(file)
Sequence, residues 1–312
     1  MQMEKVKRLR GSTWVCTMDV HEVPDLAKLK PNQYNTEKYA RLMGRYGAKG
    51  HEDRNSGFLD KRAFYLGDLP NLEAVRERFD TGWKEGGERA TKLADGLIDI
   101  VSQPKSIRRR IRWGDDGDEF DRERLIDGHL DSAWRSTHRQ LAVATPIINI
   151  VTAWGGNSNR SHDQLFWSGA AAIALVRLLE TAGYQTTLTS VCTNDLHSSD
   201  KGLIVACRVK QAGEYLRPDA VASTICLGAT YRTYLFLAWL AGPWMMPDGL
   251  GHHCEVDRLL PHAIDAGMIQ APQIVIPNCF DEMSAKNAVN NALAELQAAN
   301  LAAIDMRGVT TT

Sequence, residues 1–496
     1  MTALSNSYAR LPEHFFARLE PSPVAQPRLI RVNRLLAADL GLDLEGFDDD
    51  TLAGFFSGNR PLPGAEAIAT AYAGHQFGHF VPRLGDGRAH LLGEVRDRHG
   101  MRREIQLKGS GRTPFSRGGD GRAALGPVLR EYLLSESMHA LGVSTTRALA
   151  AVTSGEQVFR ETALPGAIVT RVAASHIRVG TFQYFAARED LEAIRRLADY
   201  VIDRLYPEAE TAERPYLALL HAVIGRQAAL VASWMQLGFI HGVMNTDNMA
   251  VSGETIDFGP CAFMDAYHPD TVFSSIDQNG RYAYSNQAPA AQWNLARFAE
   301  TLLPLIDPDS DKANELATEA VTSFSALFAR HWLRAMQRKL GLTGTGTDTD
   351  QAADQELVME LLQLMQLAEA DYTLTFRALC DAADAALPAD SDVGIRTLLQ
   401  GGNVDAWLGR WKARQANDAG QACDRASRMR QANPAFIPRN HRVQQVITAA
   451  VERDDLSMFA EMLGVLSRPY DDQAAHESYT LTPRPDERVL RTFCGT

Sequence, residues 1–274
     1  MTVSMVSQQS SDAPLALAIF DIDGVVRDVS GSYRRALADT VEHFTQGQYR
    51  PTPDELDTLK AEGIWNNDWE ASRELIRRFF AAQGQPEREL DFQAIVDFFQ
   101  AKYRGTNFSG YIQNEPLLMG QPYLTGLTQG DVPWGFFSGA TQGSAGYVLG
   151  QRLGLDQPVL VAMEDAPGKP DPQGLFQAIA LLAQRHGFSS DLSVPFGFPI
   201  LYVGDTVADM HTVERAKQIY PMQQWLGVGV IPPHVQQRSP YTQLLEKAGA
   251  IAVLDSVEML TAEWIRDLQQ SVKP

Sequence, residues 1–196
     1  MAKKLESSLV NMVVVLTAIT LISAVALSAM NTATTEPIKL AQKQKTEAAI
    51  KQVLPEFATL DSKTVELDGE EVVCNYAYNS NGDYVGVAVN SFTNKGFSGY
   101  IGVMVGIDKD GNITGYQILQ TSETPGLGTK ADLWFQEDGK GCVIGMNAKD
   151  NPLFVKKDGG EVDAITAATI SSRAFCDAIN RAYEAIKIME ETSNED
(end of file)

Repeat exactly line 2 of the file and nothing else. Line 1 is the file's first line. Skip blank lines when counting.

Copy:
     1  MQMEKVKRLR GSTWVCTMDV HEVPDLAKLK PNQYNTEKYA RLMGRYGAKG